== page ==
Posted on July 14, 2016
Carol loves to make stuff
In 1971, Carol bought some clay and a potter’s wheel, built a kiln in her backyard, and taught herself to throw pots. While her kids napped and played on the “clean” half of the basement, Carol made mugs, fondue pots, hummingbird feeders--you name it, she made it.
In 1981, after years of selling her wares at a local artist co-op, small craft fairs, and Christmas home shows Carol brought her collection to the Ann Arbor Street Fair. She hoped to sell goods to adopt a child from Korea. The show was a success and less than eight months later, their son arrived!
In 1985, to add interest to her booth at the Ann Arbor Street Fair, Carol made a few nativity sets (one of which was an Asian set, inspired by her son). Carol’s customers loved the nativities and within a single hour, they all sold.
After the success of the show, Carol realized she had too many ideas to fit into the tiny pottery studio in the basement of her home, so, she rented space in an old warehouse downtown. The big space and big windows gave Carol big ideas and big dreams.
Art Folk is Born
In 1993, Carol opened a craft gallery called Art Folk with a fellow artist. In addition to the two hundred different artists and product lines, the gallery featured Carol's work. Carol created a new line specifically for Art Folk called “arty folk”, a whimsical line of dancing silhouettes designed with colored pencil on a black background. She even made metal versions of the silhouettes for the garden.
After working with clay, colored pencil, and rusted metal Carol decided she wanted to learn to paint. In 1995, Carol placed an order for five hundred cutout stars in multiple sizes—a simple shape to try painting in various patterns. When the order arrived at her door, the number had somehow multiplied into five THOUSAND, forcing Carol to get creative and learn to paint! Once the stars were painted (and amazingly reordered), she started cutting hundreds of different designs out of metal–from cute kids to flowers to dogs and trees—and painting them!
Carol Roeda Studio Begins
During November and December of 2001, Carol opened a temporary store, called Carol Roeda Studio. Within 2 weeks of signing the short-term lease, Carol had the space completely filled. In addition to the garden dancers, the colorful line of silhouettes, and the clay nativities her loyal customers knew and loved Carol filled the store with her newest creations: the hand-painted metal pieces . The joy Carol felt creating her art translated into a joyful store that her customers loved. The two month pop-up was a huge success so she did it the next year too. By the end of the second Christmas season, customers convinced Carol she needed to stay; so in the spring of 2003, Carol opened her store permanently.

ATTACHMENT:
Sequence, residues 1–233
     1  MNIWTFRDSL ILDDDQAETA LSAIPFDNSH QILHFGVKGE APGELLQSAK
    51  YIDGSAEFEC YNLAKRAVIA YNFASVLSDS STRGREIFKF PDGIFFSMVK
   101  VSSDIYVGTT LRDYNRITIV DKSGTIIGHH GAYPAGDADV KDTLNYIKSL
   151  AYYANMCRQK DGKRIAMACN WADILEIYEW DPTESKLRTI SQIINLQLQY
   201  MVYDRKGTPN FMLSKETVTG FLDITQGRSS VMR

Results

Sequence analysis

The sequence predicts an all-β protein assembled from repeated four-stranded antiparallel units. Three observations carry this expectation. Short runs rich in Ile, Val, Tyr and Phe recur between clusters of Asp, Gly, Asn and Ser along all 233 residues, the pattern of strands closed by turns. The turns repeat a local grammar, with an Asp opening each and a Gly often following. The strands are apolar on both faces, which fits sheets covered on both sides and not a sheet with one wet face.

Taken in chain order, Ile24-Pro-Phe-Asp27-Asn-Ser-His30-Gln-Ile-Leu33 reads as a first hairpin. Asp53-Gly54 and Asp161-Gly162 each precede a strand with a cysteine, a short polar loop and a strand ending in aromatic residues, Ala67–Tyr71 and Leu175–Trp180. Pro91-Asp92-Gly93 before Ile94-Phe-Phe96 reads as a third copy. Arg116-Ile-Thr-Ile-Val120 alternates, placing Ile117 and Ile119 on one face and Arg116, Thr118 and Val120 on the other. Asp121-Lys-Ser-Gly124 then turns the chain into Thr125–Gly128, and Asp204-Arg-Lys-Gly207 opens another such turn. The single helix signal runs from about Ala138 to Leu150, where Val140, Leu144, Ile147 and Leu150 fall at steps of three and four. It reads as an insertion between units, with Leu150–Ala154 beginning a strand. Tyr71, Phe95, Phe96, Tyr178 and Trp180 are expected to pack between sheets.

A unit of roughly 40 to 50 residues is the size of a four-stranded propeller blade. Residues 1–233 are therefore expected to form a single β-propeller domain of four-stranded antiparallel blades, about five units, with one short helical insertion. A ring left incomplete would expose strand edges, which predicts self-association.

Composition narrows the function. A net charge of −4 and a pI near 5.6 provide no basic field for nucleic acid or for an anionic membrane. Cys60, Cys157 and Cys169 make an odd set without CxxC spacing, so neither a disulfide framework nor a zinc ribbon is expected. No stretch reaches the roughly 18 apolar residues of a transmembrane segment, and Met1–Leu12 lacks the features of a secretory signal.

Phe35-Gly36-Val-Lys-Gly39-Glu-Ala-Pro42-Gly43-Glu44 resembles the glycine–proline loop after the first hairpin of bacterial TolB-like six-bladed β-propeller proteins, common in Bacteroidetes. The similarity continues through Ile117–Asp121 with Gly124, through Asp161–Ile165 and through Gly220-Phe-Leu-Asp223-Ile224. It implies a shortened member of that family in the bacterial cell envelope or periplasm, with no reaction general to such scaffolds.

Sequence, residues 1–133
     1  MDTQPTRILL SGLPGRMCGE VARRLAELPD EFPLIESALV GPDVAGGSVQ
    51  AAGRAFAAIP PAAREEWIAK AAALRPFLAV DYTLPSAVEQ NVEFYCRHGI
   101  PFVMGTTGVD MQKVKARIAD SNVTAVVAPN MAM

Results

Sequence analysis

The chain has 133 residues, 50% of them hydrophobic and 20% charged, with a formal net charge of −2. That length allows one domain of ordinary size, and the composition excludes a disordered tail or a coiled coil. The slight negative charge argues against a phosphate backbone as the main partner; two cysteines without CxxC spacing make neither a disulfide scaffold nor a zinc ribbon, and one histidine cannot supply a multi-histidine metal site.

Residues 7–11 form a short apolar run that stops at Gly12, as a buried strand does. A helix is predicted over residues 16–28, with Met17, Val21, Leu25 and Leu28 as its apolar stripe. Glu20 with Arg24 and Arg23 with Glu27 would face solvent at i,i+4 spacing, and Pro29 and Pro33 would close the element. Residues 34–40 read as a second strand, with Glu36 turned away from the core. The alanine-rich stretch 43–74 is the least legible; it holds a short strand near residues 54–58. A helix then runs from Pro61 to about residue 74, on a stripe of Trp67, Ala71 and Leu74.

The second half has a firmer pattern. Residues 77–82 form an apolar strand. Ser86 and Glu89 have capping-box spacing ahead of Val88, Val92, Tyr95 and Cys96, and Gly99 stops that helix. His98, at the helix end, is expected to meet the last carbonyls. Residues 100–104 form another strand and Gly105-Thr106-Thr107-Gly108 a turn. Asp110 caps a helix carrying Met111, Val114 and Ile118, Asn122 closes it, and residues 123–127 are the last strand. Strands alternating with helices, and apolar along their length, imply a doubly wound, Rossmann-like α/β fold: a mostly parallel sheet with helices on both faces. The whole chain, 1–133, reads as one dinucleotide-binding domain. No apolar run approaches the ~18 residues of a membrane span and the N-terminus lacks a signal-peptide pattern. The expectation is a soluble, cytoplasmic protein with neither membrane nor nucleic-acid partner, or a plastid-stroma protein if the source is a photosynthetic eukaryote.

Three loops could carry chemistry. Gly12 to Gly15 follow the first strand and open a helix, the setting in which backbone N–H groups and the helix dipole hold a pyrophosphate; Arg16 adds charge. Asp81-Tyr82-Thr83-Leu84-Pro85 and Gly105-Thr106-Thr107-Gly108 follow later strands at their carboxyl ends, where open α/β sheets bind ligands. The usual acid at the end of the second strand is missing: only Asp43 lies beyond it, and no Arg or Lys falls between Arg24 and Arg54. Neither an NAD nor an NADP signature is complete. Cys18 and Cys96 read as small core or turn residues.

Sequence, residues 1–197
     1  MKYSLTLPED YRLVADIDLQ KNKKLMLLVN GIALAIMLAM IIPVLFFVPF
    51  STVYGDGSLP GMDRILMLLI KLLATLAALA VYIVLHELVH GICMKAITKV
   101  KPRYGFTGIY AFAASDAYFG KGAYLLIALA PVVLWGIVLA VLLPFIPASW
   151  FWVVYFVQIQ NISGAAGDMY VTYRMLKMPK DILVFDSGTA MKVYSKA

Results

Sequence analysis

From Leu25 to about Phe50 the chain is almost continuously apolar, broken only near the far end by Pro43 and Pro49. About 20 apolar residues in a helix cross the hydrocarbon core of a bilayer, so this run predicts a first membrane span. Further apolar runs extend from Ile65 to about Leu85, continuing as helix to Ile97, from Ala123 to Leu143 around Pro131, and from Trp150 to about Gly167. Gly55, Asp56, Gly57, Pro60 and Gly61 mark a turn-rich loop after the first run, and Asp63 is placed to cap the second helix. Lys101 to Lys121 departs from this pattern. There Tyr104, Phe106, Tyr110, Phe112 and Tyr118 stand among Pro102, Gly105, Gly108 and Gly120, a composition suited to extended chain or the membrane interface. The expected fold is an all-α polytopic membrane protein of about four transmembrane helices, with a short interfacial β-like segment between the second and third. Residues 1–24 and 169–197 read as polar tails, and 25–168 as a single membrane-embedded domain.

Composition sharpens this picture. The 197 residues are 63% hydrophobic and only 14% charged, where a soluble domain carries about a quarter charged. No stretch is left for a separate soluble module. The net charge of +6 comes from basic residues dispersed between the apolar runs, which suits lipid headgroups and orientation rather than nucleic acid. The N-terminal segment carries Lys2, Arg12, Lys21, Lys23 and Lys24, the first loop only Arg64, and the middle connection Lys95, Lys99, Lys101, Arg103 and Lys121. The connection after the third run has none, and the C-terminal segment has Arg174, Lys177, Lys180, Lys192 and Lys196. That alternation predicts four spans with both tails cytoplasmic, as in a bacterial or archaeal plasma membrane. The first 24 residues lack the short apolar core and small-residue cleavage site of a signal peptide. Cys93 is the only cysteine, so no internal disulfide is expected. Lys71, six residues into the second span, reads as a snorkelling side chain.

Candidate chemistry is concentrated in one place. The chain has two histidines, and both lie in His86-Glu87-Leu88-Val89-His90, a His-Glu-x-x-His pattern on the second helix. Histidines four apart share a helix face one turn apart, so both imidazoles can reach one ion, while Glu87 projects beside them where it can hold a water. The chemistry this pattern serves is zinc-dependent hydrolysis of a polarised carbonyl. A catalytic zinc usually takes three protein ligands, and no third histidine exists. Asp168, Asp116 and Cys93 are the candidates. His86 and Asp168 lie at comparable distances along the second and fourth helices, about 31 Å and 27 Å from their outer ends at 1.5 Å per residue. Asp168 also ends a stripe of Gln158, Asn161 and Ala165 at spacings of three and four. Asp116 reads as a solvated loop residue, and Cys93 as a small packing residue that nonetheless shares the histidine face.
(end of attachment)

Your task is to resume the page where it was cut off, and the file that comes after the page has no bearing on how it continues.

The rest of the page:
In 2004, after Carol’s first two grandchildren were born on the east side of the state, Carol couldn’t stay away. She opened a second store in Ann Arbor, just blocks from one grandchild and a short drive to the other. Located in the heart of downtown, this store gives Carol a yearlong connection with her faithful street fair customers and a perfect spot to meet new ones.
In 2010, Carol teamed up with DEMDACO to launch Embellish Your Story by Roeda. This line of Carol’s charming magnets, now hand-painted in China, introduces Carol’s art to a wider and wonderful new audience that love the opportunity to create and embellish their own story using her whimsical designs.
The success of this line has given Carol lots of new opportunities for design, which is good because Carol does not like to be idle. Every morning, after a cup of coffee on the love-seat with her husband, Carol makes her way downtown to her old warehouse studio, where she's working on her newest project, Color Out the Darkness.